Out of the Badlands: part 14:
“You want to do what?” was Faustus’s first reaction, which I did not take as an encouragement.
“I want you to build a tiny wagon that runs on bicycle wheels or similar, and we’ll train a couple of sheep to pull it. We could go to town and bring back a lot of dry goods, especially beans and grain. We could find other houses in the area and take things we need. We might even be able to plow.”
“They’re sheep, not horses or oxen.”
“They’re stronger than we are.”
“They’re dumber than rocks.”
“Okay. Could you make a push-cart on tall, all-terrain wheels? Think of the kinds of carts people used to use in their gardens. Not wheelbarrows—they’re not stable enough; you’d need at least two wheels so it couldn’t fall over—and we can push it.”
“Maybe. What brings all this up? I wasn’t aware we were running low on food.”
“We’re not, but we’re not replenishing it, either. If we’re going to be self-sufficient, we’re going to have to grow grain somehow, or raise a whole lot more sheep and mostly live on meat. But then, what will we feed them in the bad weather?”
“We could go back to being nomadic for part of the year. That would reduce our impact on local wildlife.”
I had grown used to having a bed, though, with real sheets, and the ability to wash them occasionally, and not being filthy all the time. He must have read it in my face.
He said, “Okay, scratch that. If you want to try to train the sheep, it’s your time to use. I’ll think about how to harness them. I have a vague idea of what husky dog harnesses are made, and that might work for sheep. If not, we might have to go with yokes like oxen used to wear, and frankly I have no idea how to make one. The thing is, oxen have a hump of muscle on their necks, and sheep—“
“Sheep are ewe-necked, to put it bluntly.”
“In a phrase, yeah. I think it’s nuts, but I suppose as long as it doesn’t get in the way of our usual chores, there’s no harm in it.”
“Thank you. I’ve been imagining a mini-Conestoga wagon. A mini-stoga. In my wilder moments, I imagine a six-in-hand of sheep, harnessed in pairs.”
“Let’s start with two, okay? Remember, too, if we actually go anywhere, we’ll have to take the milking ewe with us for Bobby.”
“Oh, yeah. Good point.” I went back to cutting grass and raking up the grass I’d cut the day before, now perfectly dry, gorgeous, still green, and smelling heavenly. I was finding that if I did it that way, it wasn’t an overwhelming amount to rake up, pile onto a tarp, and drag back to store in the stall.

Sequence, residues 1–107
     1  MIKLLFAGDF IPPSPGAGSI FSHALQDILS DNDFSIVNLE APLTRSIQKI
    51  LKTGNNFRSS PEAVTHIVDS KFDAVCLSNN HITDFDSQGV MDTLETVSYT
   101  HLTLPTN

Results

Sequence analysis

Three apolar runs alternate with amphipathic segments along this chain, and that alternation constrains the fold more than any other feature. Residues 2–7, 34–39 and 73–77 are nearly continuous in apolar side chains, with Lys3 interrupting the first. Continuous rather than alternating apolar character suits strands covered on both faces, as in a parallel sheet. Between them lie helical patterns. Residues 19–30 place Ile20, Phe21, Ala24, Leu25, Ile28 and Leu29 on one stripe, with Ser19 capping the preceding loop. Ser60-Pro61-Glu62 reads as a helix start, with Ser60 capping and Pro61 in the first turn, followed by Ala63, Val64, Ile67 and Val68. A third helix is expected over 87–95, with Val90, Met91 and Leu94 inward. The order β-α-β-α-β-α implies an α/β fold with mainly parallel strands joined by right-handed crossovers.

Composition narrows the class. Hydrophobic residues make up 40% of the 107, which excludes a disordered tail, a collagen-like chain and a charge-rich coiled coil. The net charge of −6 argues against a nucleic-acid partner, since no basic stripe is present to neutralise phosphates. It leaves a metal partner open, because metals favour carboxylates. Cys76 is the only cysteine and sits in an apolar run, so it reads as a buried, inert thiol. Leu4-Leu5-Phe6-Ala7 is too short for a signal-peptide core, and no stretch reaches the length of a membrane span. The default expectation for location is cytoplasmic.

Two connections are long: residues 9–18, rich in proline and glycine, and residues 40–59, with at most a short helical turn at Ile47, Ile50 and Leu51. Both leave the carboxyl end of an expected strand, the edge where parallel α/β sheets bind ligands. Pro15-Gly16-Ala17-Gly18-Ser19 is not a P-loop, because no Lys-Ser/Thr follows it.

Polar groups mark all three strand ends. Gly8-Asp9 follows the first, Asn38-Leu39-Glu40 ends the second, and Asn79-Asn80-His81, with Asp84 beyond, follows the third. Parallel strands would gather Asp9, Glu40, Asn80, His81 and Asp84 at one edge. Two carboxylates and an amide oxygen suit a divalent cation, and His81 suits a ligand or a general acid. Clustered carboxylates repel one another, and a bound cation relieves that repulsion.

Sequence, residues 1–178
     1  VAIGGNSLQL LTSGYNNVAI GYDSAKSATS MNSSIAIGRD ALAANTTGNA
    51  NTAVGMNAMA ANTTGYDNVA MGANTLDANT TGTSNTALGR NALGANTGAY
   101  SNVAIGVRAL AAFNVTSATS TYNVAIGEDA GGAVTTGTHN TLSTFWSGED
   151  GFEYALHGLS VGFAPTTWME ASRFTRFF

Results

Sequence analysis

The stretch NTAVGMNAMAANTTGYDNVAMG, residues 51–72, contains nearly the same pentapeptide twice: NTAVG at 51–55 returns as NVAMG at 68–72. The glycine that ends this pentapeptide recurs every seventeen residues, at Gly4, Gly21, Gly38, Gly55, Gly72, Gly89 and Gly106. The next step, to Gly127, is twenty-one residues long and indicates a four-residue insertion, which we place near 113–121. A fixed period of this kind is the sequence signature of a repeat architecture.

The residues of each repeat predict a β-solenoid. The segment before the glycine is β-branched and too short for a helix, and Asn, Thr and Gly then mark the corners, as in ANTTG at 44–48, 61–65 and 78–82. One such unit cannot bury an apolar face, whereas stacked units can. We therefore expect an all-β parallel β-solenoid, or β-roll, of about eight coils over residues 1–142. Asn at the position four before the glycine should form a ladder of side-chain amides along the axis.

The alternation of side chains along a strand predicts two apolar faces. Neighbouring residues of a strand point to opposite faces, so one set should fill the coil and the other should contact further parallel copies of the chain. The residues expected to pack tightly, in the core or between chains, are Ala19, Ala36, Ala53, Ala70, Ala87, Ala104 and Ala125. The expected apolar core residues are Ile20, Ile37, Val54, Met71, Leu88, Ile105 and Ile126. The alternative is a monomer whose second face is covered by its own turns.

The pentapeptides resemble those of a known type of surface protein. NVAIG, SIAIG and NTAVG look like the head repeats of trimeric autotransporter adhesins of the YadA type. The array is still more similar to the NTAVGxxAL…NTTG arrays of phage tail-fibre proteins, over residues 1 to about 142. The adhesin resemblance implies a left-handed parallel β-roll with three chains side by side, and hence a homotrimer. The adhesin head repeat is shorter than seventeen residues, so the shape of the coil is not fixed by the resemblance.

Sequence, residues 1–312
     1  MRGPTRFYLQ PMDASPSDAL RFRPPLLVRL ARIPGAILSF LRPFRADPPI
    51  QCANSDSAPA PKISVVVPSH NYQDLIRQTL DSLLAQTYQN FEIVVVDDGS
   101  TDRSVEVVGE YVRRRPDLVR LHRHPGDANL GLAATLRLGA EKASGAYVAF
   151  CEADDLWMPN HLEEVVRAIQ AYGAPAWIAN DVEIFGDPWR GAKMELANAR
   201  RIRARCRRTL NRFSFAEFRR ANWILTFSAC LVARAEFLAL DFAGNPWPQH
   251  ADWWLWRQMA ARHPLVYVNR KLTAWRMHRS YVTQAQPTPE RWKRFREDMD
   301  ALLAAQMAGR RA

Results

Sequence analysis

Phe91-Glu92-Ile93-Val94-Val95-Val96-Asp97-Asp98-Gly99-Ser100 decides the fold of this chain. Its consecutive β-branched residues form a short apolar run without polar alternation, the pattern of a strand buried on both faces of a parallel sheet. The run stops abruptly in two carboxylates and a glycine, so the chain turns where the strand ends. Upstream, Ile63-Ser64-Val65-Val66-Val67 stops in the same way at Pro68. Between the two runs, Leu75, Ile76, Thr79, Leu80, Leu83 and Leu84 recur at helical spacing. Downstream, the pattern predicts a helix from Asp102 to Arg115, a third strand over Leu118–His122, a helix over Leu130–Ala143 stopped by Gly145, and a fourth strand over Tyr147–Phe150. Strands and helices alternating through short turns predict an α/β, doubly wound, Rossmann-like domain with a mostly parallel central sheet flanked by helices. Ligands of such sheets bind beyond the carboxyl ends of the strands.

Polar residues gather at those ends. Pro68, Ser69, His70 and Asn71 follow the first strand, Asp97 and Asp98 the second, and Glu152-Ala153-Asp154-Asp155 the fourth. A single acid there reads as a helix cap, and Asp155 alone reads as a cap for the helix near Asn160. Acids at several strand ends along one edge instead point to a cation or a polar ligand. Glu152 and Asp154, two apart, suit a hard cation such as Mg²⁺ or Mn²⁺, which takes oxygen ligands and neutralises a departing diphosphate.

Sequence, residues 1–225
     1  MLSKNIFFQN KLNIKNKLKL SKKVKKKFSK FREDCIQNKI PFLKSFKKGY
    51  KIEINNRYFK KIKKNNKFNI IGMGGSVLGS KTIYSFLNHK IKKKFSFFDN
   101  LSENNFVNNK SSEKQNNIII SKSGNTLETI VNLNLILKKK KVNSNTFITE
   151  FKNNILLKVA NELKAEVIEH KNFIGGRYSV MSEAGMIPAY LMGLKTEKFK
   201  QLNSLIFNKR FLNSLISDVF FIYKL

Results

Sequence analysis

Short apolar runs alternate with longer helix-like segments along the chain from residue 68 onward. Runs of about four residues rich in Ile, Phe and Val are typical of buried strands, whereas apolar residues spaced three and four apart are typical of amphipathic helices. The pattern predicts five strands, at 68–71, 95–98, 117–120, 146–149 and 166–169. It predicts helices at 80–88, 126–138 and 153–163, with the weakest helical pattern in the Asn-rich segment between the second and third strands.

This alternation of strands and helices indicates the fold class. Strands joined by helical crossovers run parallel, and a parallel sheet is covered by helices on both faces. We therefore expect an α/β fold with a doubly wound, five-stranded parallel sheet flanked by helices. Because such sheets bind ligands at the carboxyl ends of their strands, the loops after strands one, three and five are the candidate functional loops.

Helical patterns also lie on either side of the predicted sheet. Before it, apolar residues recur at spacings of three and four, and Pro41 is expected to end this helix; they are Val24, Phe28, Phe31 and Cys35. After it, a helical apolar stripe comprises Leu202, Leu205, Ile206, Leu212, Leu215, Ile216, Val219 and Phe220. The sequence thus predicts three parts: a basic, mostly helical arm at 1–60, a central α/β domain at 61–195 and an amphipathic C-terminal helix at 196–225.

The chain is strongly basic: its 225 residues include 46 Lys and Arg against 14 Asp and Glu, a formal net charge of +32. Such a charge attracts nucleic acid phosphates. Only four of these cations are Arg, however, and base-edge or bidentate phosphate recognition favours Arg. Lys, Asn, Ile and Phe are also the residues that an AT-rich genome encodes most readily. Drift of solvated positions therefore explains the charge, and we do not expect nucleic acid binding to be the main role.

We had dragged all the old musty hay out. I was unwilling to destroy it, since it was better than nothing in a pinch, so we covered it in a tarp. The new hay made the stall a wonderful place to be. I could, for short lengths of time, safely close Bobby up inside with Boomer. This seemed especially wise when I was using the sickle. I had cut myself with it more than once—if it could cut grass, it could cut me—and I didn’t want to think about what it could do to a baby.
Faustus began working on a cart. It irritated him greatly that he couldn’t just go to the hardware store and get parts when he needed them, but he was resourceful and inventive, or as he put it, “Desperation is the mother of invention.” It used tires from a small child’s training bike, which he claimed were puncture proof. I would have preferred they be taller, but as he said, it wasn’t like we were going to have to worry about gear ratios, and not having a tire go flat in the middle of nowhere was a definite plus.
Meanwhile, I picked out the two biggest wether lambs and began leading them around on rope halters, together with the milk-ewe. At first this amounted to me being dragged around the pen, but eventually they would follow me with only occasional outbursts of irrational flight. Sneaked handfuls of grain—a precious sacrifice that I doubt they appreciated fully—made them more willing to cooperate, and before too long I was confident that they could be led.
I tied them at the neck and chest so that they had to walk in tandem; they adjusted to it more quickly than I expected. If you’d tied me to somebody else’s side, I’d probably kill them, but sheep are, as previously noted, stupid. They didn’t like things dragging along behind them at first, but in time, they even learned not to mind that. All of this had to be done in bits, of course, because I still had to take care of Bobby, bring in the previous day’s harvest of grass-turned-hay, and cut more. I still had to cook meals, wash the bare minimum of things, and everything else that needed to be done. The idea of being able to go somewhere and not have to carry every little thing on my own back, however, was galvanizing.
Finally, it was done. The weather had turned dry again. Faustus invented a pair of harnesses for the wether lambs, and the cart could be pushed, pulled, and used as the basis for a sort of pop-up tent or cover. It rolled freely and had tall enough sides to keep Bobby safely enclosed in case we had to fight off dingoes. We experimented with different weights in it, and found if we put the heaviest items—which inevitably meant jugs of water—in the bottom like ballast, it could carry several hundred pounds before reaching the point where the sheep couldn’t move it by themselves, and we had to take turns pushing while the other led.
“Where do you want to go first?” he said, cocking a weather eye at the sky. “Not town. That’s too far for a maiden voyage.”
“You said you know of other farms in the area. Why not one of them?”
“All right. Do you want to use mostly roads, or mostly scrub?”
“Roads, if we can travel without being baked. I think it will be better for the cart and less jolting on the sheeps’ harnesses.”
“Right, then. I think we can get to the one in a half-day’s walking. You pack for a couple of days, and we’ll head out tomorrow.”
I beamed at him, and caught his reflexive, fleeting smile in return. I hadn’t had this much good anticipation in my life in ages.